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The global COVID-19 pandemic has highlighted the need to plan for death, including the transmission of property through a valid will. Surprisingly little is known, however, about when people tend to make wills, how they go about doing so, and whether those practices vary from jurisdiction to jurisdiction. To begin building a foundation of knowledge, a research team comprised of United States and Australian lawyers and economists recently conducted the first-ever behavioral economics empirical study exploring these questions. This Article reports the results of the team's survey of both members of the Australian general public and estate planning lawyers in that country. The research aim was to elicit and compare the attitudes of members of both groups on three questions: (1) when people should begin to plan their estates in anticipation of death; (2) the relative role that the lawyer (compared to the client) should play in the estate planning process; and (3) whether remote witnessing rules for wills--newly adopted during the pandemic in several jurisdictions including states in Australia and the United States--have any impact on individuals' expressed preferences towards will making.

The study yields three significant findings. First, members of the legal profession in Australia tend to prefer the execution of a will at a much younger age than members of the general public do. Estate planning attorneys tend to cite age 29 as the “right” time to make a will, but the general public tends to think that age 47 is best. Second, laypeople in Australia tend to hold widely divergent opinions on the appropriate balance of client vs. professional input into the estate planning process. Those who already have engaged at least once in the will making process tend to desire far greater levels of input from estate planning attorneys than those who have never made a will. Attorneys, in contrast, have relatively uniform views about the same question, tending to cite 70% as the appropriate percentage of estate planning decisions that should be driven by the client. Finally, among both members of the general public and attorneys in Australia, expressed preferences on these matters appear to be largely unaffected by any stated benefits or drawbacks of remotely executed wills.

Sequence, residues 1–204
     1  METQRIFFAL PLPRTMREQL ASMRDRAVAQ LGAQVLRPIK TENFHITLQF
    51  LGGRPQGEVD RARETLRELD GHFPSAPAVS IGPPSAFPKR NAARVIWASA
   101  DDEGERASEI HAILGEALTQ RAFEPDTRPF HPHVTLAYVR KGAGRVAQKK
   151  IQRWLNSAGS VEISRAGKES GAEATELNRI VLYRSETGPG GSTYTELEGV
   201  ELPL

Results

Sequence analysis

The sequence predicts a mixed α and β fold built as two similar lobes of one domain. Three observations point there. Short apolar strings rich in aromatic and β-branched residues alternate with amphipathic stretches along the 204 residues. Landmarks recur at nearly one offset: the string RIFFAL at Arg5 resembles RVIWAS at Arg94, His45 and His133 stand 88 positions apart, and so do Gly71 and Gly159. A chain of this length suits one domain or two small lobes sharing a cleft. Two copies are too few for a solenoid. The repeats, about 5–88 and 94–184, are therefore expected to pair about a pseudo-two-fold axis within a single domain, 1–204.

The survey's focus on Australia was intentional. Australia is an industrialized, democratic country with both a largely capitalist economic and a history of innovation in the law of wills, trusts and estates. Furthermore, Australia's population is smaller than that of the United States, making it easier to obtain a more representative sample. At the same time, we conceive of this study as the beginning point for further, cross-jurisdictional inquiries. Future research can explore whether or how attitudes about will making differ across jurisdictions, using the results reported here as a touchstone. Separate from any country-specific considerations, knowledge about when people make wills, how they do so, and differences between and among jurisdictions will allow lawmakers to make more informed decisions about whether to make permanent some of the pandemic-era rules that enabled the remote online audio-visual witnessing of wills.